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Re: Whatever happened to w3 fonts?

From: <lee@sq.com>
Date: Tue, 18 Feb 97 12:59:19 EST
Message-Id: <9702181759.AA10933@sqrex.sq.com>
To: www-font@w3.org

> > [someone] (actually me, lee@sq.com)
> > >yes -- but existing TT software can read OpenType fonts and use them, but
> > >doesn't understand the copy protection, and ignores that.
> >
> > I don't see how that can be, if existing TT software can read all the
> > features of OpenType
> 
> Not quite what the original poster said. TT software can read OT fonts -
> that seems reasonable, because these are a set of tables and the cmap,
> hhea, head, name and post tables will still be there and can be read.
> 
> Of course there will be tables in there that are not understood, such as
> dsig, gpos, gsub and there might be cff (compressed Type1 glyphs) in
> addition to or even instead of glyf (in which latter case the older
> program would indeed fail).

Yes... if you use only Type 1 fonts and not TrueType ones to start with,
you'll get some small measure of defacto copy protection, at least until
ATM and fontographer can understand OpenType fonts.

> Existing TT fonts do not have this table - but then, only the copyright
> owner can make such fonts available on the Web. DSIG appears to allow
> licencees to put the fonts on the Web, and my understanding is that the
> DSIGtavble will contain a signed and verifiable machine readabble assertion
> about the terms of that license. For example, it might be that Joe Webster
> licensed this font from Glypf Factory for use on http://joe.org/foo only.

The scenario I imagine is this:

I am sitting inside FrontPage (say).
I choose a font for my headings -- Trixie, say.
This is installed on my system as a TrueType font.

I press "publish", and FrontPage makes an OpenType subsetted font that's
a TrueType font based on Trixie, and saves it for me, including a relative
URL in the style sheet.

Now, if FrontPage is creating the signature, we have a problem that you
now have software that is a Digital Thief, staling fonts for you.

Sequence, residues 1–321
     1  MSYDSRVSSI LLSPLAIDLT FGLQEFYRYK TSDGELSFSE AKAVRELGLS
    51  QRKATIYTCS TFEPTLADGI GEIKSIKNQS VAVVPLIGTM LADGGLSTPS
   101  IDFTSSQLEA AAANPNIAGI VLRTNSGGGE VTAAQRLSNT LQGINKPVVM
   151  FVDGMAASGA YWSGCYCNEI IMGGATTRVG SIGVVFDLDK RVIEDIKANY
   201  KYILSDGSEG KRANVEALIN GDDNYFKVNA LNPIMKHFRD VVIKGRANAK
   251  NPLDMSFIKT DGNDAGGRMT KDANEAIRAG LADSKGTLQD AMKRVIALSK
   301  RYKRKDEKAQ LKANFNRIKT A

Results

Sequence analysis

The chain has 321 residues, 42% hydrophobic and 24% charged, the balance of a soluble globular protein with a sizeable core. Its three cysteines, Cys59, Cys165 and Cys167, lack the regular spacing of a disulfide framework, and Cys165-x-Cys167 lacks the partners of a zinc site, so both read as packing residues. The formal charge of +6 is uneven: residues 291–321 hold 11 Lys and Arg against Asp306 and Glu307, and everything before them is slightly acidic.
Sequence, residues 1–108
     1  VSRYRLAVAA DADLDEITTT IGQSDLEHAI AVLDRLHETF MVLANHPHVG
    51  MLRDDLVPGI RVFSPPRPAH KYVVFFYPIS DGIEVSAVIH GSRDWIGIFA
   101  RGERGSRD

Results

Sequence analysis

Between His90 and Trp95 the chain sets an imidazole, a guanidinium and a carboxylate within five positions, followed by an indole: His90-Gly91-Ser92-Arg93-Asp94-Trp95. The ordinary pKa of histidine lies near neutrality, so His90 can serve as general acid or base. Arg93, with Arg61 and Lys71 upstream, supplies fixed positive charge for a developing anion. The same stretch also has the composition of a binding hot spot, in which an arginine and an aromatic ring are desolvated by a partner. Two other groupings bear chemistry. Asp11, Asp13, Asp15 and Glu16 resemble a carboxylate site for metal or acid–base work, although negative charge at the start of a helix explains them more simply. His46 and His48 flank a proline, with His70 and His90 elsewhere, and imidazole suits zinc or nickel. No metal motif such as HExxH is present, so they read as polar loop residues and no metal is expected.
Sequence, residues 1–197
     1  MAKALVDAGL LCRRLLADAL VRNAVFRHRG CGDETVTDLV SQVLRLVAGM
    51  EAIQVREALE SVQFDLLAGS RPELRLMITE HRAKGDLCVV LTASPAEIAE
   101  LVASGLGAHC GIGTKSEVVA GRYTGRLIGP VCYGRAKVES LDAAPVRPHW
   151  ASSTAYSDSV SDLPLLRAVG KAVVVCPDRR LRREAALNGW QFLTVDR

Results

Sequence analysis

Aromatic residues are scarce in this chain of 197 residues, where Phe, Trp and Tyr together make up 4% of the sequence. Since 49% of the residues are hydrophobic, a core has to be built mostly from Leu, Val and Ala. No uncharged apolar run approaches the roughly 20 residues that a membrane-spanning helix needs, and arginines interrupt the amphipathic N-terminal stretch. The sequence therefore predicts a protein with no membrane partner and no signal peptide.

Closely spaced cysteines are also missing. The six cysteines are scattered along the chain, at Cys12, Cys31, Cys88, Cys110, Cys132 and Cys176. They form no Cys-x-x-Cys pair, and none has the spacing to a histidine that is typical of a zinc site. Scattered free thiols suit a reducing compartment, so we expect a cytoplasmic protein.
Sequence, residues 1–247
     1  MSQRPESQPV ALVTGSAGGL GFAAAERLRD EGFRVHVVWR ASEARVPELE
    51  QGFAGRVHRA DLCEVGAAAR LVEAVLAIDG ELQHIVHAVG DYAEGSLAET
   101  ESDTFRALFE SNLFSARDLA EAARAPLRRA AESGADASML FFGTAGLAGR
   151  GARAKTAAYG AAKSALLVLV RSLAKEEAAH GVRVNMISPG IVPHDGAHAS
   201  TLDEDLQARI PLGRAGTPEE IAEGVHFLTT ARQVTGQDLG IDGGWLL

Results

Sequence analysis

If it can't, where does the signature come from?

The point of including a giant superset of TT and T1 was supposed to be
that you could use your existing fonts on the web.

 
> Other sites pointing to those fonts would not work. Well that is the
> theory as I understand it.

This would be true if
(1) you had purchased an OpenType font (can't yet)
(2) you had bought the font for use only on a specific domain or URL,e.g.
    so that you could publish your web site using your corporate font, but
    could not do internal marketing literature with it (oops)
    (so the idea is that you buy all your fonts twice?)
(3) either
   3a] the font was Type 1, and the receiving software predated OpenType,
   or
   3b] the receiving software is newer than OpenType and is smart enough
   to understand that it shouldn't let you use it, and honest enough to
   implement that, and has no override.
   Of course, if your own domain changes, you have to buy new fonts.  oops.

This seems so badly designed that either (1) I'm totally misunderstanding it,
or (2) Netscape's use of TrueDoc will make it all history.
Since Microsoft doesn't (yet) have the graphic design market, and won't until
colour management is fixed in Windows xx, I expect that the people who care
most about the appearance of fonts will decide whether TrueDoc looks OK
in netscape, and, if so, use it -- and for the rest of the market, the
extra quality of the lossless fonts will be irrelevant if you have to
go through lots of hassle.

One obvious trick would be to "encrypt" the font with its URL on publishing
it, so that the font would not work in _any_ existing software directly,
and combining that with other techniques.  Another would be to use a
wholly new font format -- e.g. based on GX.

As it is, I don't believe the people working on OpenType have taken this
issue seriously enough.  Perhaps it's all a hoax and OpenType is a joke??

While we're about it, let's write an Appllication Server Protocol that 
lets me put up all of Microsoft's software for ftp.  I'll add a new field,
"execute permission", and if that is set to zero, you canonly download and
not execute the programs.  Of course, operating systems will have to be
modified, but that shouldn't be a problem, and all users will upgrade
instantly so that they can no longer use the free programs.

Lee
Received on Tuesday, 18 February 1997 12:59:24 GMT

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